May 23, 2013

Dirty words and the "bunny" problem

You can now tell your friends that you know a dirty word in ancient Greek.  Apparently, in sophisticated writing the Greeks would never use βινέω (bin-AY-o).  In use (as opposed to the dictionary entry) it was βινῶ, (bin-OH), "I fuck."

As you might imagine, the dictionaries of ancient Greek have really lightened up about βινέω in the last century or so.  The 19th-century Liddell-Scott-Jones Greek lexicon defines it with Latin plus a gentle explanation: "inire, coïre, [go in, unite] of illicit intercourse," and the Chantraine Dictionnaire Étymologique de la Langue Grecque (1984-90) adds the more literal Latin futuere.  (For Latin dirty words, see J. N. Adams, The Latin Sexual Vocabulary.)  Today, the new ancient-Greek dictionary the Diccionario Griego-Espanol is wonderfully straightforward, defining the word with the infinitive joder, which is also what a Spaniard will say when he stubs his toe.  The DGE contains several excellent quotes such as ὅστις γε πίνειν οἶδε καὶ βινεῖν μόνον, "he only knows how to drink and fuck,"1 and ἥδιστον εστιν ἀποθανεῖν βινοῦνθ᾽ ἅμα, "it is pleasantest to die fucking at the same time."2  The DGE translates the (imperfect-tense) passive form of βινέω as mariconeaba, which I gather means "he was being fucked in the ass."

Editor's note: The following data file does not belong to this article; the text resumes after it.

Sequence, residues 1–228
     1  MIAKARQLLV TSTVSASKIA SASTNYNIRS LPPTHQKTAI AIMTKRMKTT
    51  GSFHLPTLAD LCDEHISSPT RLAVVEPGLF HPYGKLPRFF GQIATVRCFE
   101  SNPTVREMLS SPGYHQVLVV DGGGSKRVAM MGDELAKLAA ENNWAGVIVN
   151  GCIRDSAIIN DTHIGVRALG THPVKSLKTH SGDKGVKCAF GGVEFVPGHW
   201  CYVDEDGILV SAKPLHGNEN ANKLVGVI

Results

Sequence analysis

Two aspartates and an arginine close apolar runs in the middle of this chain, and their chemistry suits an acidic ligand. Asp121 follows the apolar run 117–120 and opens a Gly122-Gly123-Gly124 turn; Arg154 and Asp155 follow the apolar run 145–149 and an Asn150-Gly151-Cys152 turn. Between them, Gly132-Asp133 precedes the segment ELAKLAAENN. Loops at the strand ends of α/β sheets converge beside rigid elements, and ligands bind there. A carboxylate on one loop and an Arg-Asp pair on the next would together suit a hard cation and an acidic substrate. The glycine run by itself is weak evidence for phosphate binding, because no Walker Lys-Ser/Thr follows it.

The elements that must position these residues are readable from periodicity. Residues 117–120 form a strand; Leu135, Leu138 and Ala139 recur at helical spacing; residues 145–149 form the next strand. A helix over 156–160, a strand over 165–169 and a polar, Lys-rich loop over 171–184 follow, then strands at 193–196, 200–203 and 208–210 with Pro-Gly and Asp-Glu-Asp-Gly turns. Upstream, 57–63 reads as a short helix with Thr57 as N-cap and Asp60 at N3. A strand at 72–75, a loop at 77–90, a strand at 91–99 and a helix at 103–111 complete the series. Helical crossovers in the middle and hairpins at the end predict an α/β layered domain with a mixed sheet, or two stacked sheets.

The ancient Athenians themselves sometimes softened βινέω for public consumption to κινέω (kin-AY-oh), which usually means "to move."  The LSJ uses "sens. obsc." (sense obscure) for this euphemism, while the etymological dictionary notes the sens erotique.  Moving from β to κ to soften the impact on sensitive ears may have a parallel in the move from "coney" to "bunny" in English to refer to a rabbit.  It's an interesting coincidence.  The Oxford English Dictionary and etymological dictionaries of English all say that "bunny" is a familiarization of "bun" to refer to the animal, based on the little "bun" tail it has.  Hardly anyone now uses "coney" for rabbits.  Yet there is an internet rumor, which has occasionally made it into print, that "bunny" became popular when the earlier word "coney" came (with a vowel shift) to sound very much like "cunny"--the female pudenda.  I have not been able to find evidence for this happening; the printed evidence for it is speculative.  One day I'll look more closely at how the senses developed.

1. HOS-tis geh PINein OY-deh kai bin-EIN MON-on; Aristophanes, Frogs, line 740.
2. HEY-distohn estin apothanEIN binOONT HAMa; fragment 6 of the work of the comic poet Philetaeros

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